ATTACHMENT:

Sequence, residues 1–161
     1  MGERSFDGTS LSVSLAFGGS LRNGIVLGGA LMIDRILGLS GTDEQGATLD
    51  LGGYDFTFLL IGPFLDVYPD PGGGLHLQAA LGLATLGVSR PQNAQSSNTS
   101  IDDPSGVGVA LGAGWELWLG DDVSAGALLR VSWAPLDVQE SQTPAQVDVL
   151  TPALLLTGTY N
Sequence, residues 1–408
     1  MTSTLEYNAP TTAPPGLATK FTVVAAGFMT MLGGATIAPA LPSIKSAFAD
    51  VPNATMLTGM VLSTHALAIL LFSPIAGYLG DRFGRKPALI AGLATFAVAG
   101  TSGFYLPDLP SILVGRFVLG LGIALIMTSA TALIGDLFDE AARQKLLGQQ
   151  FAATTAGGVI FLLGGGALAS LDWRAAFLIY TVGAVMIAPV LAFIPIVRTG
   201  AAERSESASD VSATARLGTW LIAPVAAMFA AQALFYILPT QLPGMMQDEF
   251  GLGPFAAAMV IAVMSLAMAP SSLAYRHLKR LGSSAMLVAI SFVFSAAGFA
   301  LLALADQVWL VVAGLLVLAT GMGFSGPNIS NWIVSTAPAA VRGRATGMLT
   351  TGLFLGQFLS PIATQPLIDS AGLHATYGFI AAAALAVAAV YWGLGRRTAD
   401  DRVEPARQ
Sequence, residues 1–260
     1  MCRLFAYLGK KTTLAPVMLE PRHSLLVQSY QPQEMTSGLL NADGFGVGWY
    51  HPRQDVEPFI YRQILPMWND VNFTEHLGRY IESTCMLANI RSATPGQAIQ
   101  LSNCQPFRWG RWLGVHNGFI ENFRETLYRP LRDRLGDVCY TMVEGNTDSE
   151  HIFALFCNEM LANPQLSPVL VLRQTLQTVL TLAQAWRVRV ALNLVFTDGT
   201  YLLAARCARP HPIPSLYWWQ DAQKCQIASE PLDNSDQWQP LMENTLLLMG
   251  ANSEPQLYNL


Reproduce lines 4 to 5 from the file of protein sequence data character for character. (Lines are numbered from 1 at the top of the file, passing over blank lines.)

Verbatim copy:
   101  IDDPSGVGVA LGAGWELWLG DDVSAGALLR VSWAPLDVQE SQTPAQVDVL
   151  TPALLLTGTY N